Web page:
Readers continue to write in with queries about the best way to pay for college. We asked experts to help us answer readers' questions on college savings and tax-advantaged "529" accounts.
Q: How can I maximize college aid for my child? What are the best strategies for where to put our family's money so that we can get as much financial aid as possible?
A: Financial aid can be a game with high stakes, especially if aid is the difference between a college education and a lack of one, or between a heavy load of student loans and none.
If you're anticipating making changes to your family income before you apply for aid, you'll have to do that before Jan. 1 of the student's sophomore year in high school. For changes to your family's assets, those can occur as late as the filing date for Fafsa (the Free Application for Federal Student Aid), as long as you can document the change, say, with a bank-website printout.
"It is important to note that the answers to questions about income and taxes are based on the prior-prior year's federal income-tax return," or 2017 for the 2019-20 Fafsa, "while the answers to asset and demographic questions are as of the date the Fafsa is filed," says Mark Kantrowitz, publisher of the college-finance information site savingforcollege.com.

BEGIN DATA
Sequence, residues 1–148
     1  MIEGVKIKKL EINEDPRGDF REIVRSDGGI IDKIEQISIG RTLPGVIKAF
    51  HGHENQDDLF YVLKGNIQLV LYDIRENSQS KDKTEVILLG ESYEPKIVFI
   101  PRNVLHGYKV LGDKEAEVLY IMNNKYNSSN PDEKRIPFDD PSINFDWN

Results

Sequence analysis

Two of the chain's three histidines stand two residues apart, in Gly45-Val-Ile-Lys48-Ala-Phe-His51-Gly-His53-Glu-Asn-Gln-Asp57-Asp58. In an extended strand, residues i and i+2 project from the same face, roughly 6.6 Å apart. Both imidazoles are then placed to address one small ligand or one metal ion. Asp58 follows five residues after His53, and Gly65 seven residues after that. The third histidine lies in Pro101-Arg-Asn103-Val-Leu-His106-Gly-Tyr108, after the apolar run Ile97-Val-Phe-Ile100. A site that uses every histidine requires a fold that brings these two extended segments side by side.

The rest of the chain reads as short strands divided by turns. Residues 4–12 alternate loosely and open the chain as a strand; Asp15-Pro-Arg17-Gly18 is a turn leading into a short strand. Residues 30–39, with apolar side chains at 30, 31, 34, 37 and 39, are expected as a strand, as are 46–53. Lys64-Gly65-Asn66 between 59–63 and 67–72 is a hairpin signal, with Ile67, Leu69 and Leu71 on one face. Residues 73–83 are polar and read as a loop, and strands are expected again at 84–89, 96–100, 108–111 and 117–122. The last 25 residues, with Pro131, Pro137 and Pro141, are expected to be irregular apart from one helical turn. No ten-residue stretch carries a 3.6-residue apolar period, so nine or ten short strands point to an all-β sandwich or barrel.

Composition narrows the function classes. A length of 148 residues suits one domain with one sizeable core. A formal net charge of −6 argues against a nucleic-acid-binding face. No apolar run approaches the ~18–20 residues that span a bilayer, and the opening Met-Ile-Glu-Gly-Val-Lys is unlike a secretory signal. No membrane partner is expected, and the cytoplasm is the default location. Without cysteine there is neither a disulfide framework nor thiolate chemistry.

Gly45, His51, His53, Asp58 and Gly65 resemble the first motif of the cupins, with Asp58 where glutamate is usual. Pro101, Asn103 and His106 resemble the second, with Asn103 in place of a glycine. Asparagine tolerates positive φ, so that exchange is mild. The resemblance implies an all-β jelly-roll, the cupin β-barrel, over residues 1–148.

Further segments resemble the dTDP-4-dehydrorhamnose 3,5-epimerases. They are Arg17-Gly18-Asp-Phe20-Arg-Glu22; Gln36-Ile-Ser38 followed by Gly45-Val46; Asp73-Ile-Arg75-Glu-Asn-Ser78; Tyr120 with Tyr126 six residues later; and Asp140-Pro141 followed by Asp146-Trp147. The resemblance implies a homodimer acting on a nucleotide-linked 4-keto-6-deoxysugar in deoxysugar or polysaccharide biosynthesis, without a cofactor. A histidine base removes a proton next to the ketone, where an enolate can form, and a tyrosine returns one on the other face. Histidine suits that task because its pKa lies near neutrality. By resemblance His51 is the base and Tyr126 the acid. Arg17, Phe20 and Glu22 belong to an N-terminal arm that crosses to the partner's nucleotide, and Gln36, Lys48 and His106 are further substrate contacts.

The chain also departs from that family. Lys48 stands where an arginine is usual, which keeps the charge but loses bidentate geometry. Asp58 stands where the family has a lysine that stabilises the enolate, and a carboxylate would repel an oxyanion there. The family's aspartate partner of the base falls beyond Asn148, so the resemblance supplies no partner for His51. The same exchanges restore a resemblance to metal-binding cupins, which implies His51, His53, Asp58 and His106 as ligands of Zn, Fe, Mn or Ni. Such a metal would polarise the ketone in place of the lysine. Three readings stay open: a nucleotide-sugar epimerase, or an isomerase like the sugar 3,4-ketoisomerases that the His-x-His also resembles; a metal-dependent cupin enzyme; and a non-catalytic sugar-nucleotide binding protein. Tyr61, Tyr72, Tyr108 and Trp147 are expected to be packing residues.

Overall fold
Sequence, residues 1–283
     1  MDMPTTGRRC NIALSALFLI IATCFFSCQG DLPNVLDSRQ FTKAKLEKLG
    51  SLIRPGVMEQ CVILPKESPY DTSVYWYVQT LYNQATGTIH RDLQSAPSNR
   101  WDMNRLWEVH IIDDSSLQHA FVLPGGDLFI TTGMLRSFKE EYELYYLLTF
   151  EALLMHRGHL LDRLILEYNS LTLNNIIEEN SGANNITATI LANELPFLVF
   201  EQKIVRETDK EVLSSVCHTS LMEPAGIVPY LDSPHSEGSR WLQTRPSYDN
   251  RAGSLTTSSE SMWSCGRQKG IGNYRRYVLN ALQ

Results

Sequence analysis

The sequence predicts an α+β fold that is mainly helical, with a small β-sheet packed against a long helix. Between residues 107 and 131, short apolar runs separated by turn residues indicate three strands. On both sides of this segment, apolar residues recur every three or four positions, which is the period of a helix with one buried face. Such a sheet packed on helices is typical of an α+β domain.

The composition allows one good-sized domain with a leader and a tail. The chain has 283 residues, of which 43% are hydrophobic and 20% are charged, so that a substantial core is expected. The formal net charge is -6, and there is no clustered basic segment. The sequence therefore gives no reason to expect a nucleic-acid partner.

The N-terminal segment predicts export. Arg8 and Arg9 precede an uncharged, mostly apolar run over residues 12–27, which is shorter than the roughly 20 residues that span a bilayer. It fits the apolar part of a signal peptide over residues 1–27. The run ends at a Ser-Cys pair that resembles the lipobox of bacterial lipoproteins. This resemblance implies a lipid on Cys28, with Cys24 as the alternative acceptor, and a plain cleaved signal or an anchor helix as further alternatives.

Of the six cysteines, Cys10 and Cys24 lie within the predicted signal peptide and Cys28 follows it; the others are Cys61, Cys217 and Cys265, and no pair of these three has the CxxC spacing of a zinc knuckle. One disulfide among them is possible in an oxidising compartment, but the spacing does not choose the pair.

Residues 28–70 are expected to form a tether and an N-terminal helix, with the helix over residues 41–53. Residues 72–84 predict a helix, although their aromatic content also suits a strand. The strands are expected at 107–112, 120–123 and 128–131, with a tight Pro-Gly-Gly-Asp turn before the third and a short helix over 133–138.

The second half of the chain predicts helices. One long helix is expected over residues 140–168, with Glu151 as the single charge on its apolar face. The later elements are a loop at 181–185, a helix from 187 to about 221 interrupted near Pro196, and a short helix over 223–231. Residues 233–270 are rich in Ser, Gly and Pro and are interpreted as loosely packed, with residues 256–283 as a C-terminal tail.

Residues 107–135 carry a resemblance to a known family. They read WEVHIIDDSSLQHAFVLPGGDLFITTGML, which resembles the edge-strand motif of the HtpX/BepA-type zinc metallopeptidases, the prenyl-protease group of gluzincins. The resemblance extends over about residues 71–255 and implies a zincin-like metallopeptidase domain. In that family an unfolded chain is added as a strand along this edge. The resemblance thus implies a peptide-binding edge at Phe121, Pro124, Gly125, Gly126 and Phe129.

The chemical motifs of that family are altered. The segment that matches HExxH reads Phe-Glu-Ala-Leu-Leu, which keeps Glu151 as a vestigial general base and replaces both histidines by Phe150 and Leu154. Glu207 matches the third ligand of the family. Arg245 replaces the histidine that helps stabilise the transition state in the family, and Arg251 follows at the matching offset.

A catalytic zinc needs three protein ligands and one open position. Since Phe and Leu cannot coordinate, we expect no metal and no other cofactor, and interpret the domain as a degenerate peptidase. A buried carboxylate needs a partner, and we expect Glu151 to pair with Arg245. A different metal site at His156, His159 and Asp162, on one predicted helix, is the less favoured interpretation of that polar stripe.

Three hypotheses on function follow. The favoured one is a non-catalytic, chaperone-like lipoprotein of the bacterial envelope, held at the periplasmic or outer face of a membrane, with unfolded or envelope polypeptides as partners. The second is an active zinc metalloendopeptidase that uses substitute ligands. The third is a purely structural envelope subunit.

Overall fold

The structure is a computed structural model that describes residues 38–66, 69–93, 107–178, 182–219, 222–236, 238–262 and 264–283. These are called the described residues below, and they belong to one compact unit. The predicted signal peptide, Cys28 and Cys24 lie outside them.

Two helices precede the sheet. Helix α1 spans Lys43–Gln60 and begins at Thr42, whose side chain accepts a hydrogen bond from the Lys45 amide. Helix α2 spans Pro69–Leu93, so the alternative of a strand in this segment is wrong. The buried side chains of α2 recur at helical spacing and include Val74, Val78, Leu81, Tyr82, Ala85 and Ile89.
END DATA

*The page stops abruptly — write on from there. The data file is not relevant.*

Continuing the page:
"Parent assets, including checking and savings accounts, count as less than 6% when determining the family contribution," says James DiUlio, chairman of the College Savings Plans Network, an association of state 529 plans. Schools know that families have expenses other than college, including retirement and the care of elderly parents or other children.
Among the most useful ways to save for college are 529s because the money grows tax-free and can be taken out without taxes or penalties when used for eligible educational expenses.
When a 529 account is owned by a parent, with the student as the beneficiary, the account gets counted at 5.64% of its value. If the student is the owner, money held in the account is counted at 20%; once the student starts withdrawing money, that is counted at up to 50%. An account owned by a grandparent or anyone else doesn't count at all until distributions start flowing to the student to pay for college, and then it is considered untaxed income to the student and counted at 50%.